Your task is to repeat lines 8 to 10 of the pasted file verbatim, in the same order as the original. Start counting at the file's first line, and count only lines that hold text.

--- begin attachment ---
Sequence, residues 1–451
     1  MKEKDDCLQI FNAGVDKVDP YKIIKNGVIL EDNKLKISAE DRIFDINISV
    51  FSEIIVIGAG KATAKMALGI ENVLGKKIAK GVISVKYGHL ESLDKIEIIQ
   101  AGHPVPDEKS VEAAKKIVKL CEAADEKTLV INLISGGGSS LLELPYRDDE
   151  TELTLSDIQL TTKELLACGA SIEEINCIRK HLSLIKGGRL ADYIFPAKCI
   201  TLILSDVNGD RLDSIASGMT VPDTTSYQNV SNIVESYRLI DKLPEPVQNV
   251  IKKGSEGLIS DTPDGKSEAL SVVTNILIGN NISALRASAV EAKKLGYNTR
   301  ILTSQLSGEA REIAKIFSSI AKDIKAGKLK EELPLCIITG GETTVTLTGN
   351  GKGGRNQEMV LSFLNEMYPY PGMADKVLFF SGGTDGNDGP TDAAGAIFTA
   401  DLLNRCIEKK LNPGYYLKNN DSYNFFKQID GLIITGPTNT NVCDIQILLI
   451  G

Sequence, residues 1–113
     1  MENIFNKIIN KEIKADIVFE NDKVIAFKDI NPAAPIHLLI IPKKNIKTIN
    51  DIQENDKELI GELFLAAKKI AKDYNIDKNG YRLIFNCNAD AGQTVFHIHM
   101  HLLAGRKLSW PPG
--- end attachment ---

   301  ILTSQLSGEA REIAKIFSSI AKDIKAGKLK EELPLCIITG GETTVTLTGN
   351  GKGGRNQEMV LSFLNEMYPY PGMADKVLFF SGGTDGNDGP TDAAGAIFTA
   401  DLLNRCIEKK LNPGYYLKNN DSYNFFKQID GLIITGPTNT NVCDIQILLI